A statement released by the Commodity Futures Trading Commission CFTC on July 7th has set the investment community in a flutter. The Chairman, Gary Gensler’s statement was, to be honest, pretty vague merely outlining the CFTC’s perception that regulation may be in order and setting out a timetable for consultation of July and August. Everyone is expecting the CFTC to take both short term steps such as greater reporting and visibility into trades and longer term steps which may involve trading limits. But why has the CFTC felt compelled to act and what could be the impact for metals markets?
According to the FT’s Shortview, earlier this decade academics showed that commodities were not strongly correlated with stocks and bonds, so investing in them could reduce risk without reducing returns by spreading investments across more investment groups. Ever on the look out for new sources of revenue, the investment banks (them again) then found ways to sell commodity futures to retail investors by creating exchange traded funds to hold them. According to Michael Masters, a hedge fund manager quoted in the report, over the previous five years index funds of this kind have grown 20 fold, from $13bn to $260bn, far greater than the rise in demand for oil from emerging markets like China. As these funds have become established trading vehicles they have come to be accepted as hedges against inflation to the extent that as the oil price doubled this year it dragged up expectations of inflation (and stocks with it) when in reality the danger was of deflation.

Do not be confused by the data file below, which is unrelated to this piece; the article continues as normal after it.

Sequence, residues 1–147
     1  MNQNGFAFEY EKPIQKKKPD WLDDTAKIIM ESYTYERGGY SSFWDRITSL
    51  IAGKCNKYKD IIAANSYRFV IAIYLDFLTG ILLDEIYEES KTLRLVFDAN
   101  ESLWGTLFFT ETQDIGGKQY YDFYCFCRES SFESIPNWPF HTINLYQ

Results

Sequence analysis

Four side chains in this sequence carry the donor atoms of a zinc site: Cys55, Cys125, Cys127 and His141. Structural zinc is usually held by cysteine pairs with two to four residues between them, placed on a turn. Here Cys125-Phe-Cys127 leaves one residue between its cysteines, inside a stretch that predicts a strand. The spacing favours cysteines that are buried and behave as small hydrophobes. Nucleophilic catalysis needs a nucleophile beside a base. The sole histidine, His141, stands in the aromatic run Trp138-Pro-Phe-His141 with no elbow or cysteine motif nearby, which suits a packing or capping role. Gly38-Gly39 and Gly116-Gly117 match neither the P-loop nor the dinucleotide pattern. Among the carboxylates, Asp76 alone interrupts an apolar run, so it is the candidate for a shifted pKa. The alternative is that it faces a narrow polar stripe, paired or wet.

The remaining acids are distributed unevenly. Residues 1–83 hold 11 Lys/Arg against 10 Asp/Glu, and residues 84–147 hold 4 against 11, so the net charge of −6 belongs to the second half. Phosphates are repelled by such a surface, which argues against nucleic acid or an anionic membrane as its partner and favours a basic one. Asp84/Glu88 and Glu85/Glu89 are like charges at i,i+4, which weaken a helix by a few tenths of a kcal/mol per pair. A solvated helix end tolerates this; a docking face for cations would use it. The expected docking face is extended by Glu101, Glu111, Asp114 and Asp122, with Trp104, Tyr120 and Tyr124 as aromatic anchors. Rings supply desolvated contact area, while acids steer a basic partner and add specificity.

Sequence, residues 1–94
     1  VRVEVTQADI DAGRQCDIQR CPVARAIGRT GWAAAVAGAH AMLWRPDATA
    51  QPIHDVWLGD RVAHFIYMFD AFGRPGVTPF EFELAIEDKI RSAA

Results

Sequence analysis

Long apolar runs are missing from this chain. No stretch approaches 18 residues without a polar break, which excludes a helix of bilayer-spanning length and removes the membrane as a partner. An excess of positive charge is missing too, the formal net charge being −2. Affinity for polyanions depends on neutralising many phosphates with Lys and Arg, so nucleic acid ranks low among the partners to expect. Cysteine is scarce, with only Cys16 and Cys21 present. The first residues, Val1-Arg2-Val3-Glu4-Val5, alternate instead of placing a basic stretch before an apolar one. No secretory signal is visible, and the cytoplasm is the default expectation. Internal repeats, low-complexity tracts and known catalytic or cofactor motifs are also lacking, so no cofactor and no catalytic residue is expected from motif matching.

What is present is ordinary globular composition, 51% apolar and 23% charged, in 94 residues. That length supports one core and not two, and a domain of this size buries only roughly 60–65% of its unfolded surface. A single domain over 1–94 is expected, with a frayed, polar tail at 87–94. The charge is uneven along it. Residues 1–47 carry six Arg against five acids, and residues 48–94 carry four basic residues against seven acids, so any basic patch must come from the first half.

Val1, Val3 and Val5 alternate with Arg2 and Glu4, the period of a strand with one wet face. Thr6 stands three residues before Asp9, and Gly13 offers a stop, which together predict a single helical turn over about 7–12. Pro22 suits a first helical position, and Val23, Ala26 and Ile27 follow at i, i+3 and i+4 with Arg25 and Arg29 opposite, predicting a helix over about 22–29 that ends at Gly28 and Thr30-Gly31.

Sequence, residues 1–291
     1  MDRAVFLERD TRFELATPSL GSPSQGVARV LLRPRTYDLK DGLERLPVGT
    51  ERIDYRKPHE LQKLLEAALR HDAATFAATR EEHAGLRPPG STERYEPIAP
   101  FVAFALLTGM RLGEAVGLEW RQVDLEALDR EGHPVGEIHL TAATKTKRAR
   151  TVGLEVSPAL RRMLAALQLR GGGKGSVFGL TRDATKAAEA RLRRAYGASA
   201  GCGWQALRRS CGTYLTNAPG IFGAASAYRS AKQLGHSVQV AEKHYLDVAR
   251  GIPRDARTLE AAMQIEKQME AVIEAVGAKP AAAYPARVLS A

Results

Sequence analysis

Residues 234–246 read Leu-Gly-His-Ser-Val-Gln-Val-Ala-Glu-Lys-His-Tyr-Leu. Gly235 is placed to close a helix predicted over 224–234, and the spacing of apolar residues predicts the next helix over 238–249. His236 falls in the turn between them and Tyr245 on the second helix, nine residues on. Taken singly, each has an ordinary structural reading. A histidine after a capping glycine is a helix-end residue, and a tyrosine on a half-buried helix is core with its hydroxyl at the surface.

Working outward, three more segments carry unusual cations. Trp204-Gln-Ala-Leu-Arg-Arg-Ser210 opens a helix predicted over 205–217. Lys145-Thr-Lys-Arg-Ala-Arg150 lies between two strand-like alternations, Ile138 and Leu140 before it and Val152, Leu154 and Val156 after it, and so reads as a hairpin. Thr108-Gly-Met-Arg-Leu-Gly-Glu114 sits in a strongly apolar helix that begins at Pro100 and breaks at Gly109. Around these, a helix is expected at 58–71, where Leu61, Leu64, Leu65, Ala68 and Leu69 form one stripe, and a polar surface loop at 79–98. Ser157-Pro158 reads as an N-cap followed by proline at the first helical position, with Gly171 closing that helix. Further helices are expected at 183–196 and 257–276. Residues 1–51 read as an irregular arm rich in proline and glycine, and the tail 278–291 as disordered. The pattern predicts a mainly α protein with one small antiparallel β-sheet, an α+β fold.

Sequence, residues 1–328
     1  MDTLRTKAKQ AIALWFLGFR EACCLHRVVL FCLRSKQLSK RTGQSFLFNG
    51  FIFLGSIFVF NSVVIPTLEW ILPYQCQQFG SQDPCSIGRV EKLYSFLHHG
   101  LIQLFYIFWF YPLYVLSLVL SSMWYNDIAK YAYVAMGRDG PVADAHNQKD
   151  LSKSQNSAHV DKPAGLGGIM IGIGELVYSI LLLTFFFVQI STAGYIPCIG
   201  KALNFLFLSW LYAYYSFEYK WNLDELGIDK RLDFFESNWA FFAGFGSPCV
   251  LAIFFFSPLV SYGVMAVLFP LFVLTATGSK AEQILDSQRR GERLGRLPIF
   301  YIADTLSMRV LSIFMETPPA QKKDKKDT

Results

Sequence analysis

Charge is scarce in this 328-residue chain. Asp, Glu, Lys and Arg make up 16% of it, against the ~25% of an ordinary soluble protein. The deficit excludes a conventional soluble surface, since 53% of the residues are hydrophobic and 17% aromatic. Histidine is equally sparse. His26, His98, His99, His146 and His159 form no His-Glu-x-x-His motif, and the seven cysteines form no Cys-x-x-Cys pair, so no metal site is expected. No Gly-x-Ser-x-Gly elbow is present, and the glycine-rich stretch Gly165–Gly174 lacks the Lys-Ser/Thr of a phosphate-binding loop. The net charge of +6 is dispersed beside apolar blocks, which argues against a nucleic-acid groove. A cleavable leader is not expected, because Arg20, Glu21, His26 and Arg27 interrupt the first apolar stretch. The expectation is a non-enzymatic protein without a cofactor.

The CFTC does set position limits for agricultural products but not for energy or metals. Comments made by Mr Gensler suggest this is something he is looking to change. The danger is all classes of commodity futures could be dragged into the new regulation. As Michael Cosgrove head of North American energy operations for broker GFI Group Inc. in New York said in a Bloomberg article, Oversight of contracts that do not affect supply and demand, such as Nymex cash-settled futures and ICE cash-settled swaps, is a misguided waste of taxpayer dollars. These contracts affect supply and demand no more than the betting at a race track affects the speed of the horses.
For the physical oil and metals industry there could be unforeseen implications. Banks hedge future revenue from production projects to underwrite funding for energy and mining projects. Trading limits may constrain the banks ability to act as counter-parties in such hedging deals limiting funding. With mining companies already heavily indebted and cash flow at current reduced prices, investment could suffer.
The biggest impact will likely be for exchange traded funds and the commodity trading advisers that serve them. This is an industry with $200bn in assets under management and arguably it is the activities of this sector that is at the root cause of the disproportionate in-flows and out-flows of funds that the CFTC is looking to control.